Made in Japan and Other Japanese "Business Novels"

By Tamae K. Prindle | Go to book overview

Giants and Toys
Takeshi Kaikō

I

The Samson's Candies building is located in the center of Tokyo. Because it faces a train station, throngs of people walk through its front yard during commuter hours. Also, because the station exit is clogged with cars, Samson's front yard serves as a station plaza, a buffer zone. This piece of land is valuable, but is made available by the company as a sidewalk. The sidewalk runs right along the front windows. Behind the glass panels is a huge display chamber. It shows all year round countless kinds of Samson products, ranging from chewing gum to marrons glacés. Pedestrians are bound to peek in the window as they walk by. In other words, it is for advertisement purposes that Samson offers its plaza to the public. The sidewalk is comfortably spacious and roofed. Many benches and flower beds give it the feeling of a small park. Samson's architectural layout also conveniently frees the neighborhood from pedestrian congestion caused by the station. For this reason, Samson sits well with the area.

I have a full view of the plaza from my office window on the second floor. People float outside the glass wall day and night, like a rolling ocean. Twice daily, large currents go up and down. These are the sad processions of commuters. The walkers' heads always hang down, because the sun is too bright in the morning, and the people are hungry and tired in the evening. Only their legs are restlessly busy. As they are vomited out of old iron boxes, they drift in unison into this plaza, pace along the glass wall, and are quietly siphoned into various colored

-165-

Notes for this page

Add a new note
If you are trying to select text to create highlights or citations, remember that you must now click or tap on the first word, and then click or tap on the last word.
One moment ...
Default project is now your active project.
Project items
Notes
Cite this page

Cited page

Style
Citations are available only to our active members.
Buy instant access to cite pages or passages in MLA 8, MLA 7, APA and Chicago citation styles.

(Einhorn, 1992, p. 25)

(Einhorn 25)

(Einhorn 25)

1. Lois J. Einhorn, Abraham Lincoln, the Orator: Penetrating the Lincoln Legend (Westport, CT: Greenwood Press, 1992), 25, http://www.questia.com/read/27419298.

Note: primary sources have slightly different requirements for citation. Please see these guidelines for more information.

Cited page

Bookmark this page
Made in Japan and Other Japanese "Business Novels"
Table of contents

Table of contents

  • Title Page iii
  • Contents vii
  • Acknowledgments ix
  • Introduction xi
  • Notes xvii
  • Made in Japan 3
  • Notes 32
  • Silver Sanctuary 33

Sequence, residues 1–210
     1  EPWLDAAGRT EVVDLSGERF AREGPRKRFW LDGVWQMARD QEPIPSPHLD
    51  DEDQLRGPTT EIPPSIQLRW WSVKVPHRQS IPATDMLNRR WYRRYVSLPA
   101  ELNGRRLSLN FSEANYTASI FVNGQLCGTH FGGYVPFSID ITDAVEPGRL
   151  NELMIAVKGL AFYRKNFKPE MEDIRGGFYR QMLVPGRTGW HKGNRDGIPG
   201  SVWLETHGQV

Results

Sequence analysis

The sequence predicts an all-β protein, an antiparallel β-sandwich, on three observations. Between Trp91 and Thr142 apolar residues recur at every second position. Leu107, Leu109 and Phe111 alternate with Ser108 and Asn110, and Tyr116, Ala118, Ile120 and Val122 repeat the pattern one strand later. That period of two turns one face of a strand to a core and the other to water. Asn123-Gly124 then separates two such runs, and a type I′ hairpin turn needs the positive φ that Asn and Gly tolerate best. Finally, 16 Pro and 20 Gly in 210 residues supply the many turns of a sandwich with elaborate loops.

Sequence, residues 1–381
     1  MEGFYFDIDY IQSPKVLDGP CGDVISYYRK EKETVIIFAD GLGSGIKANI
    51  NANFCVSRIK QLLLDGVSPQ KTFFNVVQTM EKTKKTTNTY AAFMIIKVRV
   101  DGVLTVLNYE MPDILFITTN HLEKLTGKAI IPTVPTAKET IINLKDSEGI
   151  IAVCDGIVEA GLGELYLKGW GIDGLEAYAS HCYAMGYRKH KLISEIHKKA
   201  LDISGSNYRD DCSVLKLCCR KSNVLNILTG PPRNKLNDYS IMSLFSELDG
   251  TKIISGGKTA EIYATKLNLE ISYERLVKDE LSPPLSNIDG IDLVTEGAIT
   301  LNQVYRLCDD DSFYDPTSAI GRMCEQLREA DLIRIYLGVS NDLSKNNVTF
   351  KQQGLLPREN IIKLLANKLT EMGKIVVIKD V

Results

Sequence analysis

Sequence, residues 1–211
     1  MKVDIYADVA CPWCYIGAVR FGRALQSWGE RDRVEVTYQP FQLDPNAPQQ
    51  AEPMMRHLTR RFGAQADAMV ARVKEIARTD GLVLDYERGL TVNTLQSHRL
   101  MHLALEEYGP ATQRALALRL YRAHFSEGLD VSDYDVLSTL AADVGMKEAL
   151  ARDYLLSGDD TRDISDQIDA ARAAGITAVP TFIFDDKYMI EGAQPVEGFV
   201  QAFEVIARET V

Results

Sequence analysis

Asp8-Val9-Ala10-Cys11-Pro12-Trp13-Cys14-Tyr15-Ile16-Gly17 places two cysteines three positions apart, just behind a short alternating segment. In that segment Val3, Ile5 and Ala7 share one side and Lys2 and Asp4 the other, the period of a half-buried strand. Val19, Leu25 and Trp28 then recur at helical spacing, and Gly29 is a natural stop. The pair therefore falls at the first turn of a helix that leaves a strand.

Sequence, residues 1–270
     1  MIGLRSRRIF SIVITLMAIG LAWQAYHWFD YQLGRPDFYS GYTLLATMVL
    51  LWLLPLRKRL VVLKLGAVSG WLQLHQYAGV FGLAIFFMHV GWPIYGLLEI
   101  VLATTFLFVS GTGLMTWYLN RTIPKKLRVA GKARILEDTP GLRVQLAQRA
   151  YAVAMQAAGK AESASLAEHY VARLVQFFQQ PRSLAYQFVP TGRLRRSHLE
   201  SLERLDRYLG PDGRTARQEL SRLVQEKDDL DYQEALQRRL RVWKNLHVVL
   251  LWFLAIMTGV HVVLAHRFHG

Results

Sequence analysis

• Notes 57
  • Kinjō the Corporate Bouncer 58
  • Notes 90
  • Notes 110
  • From Paris Ryō Takasugi 111
  • Notes 128
  • The Baby Boom Generation 129
  • Part 2 148
  • Part 3 155
  • Part 3 164
  • Giants and Toys Takeshi Kaikō 165
  • Notes 202
Settings

Settings

Typeface
Text size Smaller Larger Reset View mode
Search within

Search within this book

Look up

Look up a word

  • Dictionary
  • Thesaurus
Please submit a word or phrase above.
Print this page

Print this page

Why can't I print more than one page at a time?

Help
Full screen
Items saved from this book
  • Bookmarks
  • Highlights & Notes
  • Citations
/ 206

matching results for page

    Questia reader help

    How to highlight and cite specific passages

    1. Click or tap the first word you want to select.
    2. Click or tap the last word you want to select, and you’ll see everything in between get selected.
    3. You’ll then get a menu of options like creating a highlight or a citation from that passage of text.

    OK, got it!

    Cited passage

    Style
    Citations are available only to our active members.
    Buy instant access to cite pages or passages in MLA 8, MLA 7, APA and Chicago citation styles.

    "Portraying himself as an honest, ordinary person helped Lincoln identify with his audiences." (Einhorn, 1992, p. 25).

    "Portraying himself as an honest, ordinary person helped Lincoln identify with his audiences." (Einhorn 25)

    "Portraying himself as an honest, ordinary person helped Lincoln identify with his audiences." (Einhorn 25)

    "Portraying himself as an honest, ordinary person helped Lincoln identify with his audiences."1

    1. Lois J. Einhorn, Abraham Lincoln, the Orator: Penetrating the Lincoln Legend (Westport, CT: Greenwood Press, 1992), 25, http://www.questia.com/read/27419298.

    Cited passage

    Thanks for trying Questia!

    Please continue trying out our research tools, but please note, full functionality is available only to our active members.

    Your work will be lost once you leave this Web page.

    Buy instant access to save your work.

    Already a member? Log in now.

    Search by... Author
    Show... All Results Primary Sources Peer-reviewed

    Oops!

    An unknown error has occurred. Please click the button below to reload the page. If the problem persists, please try again in a little while.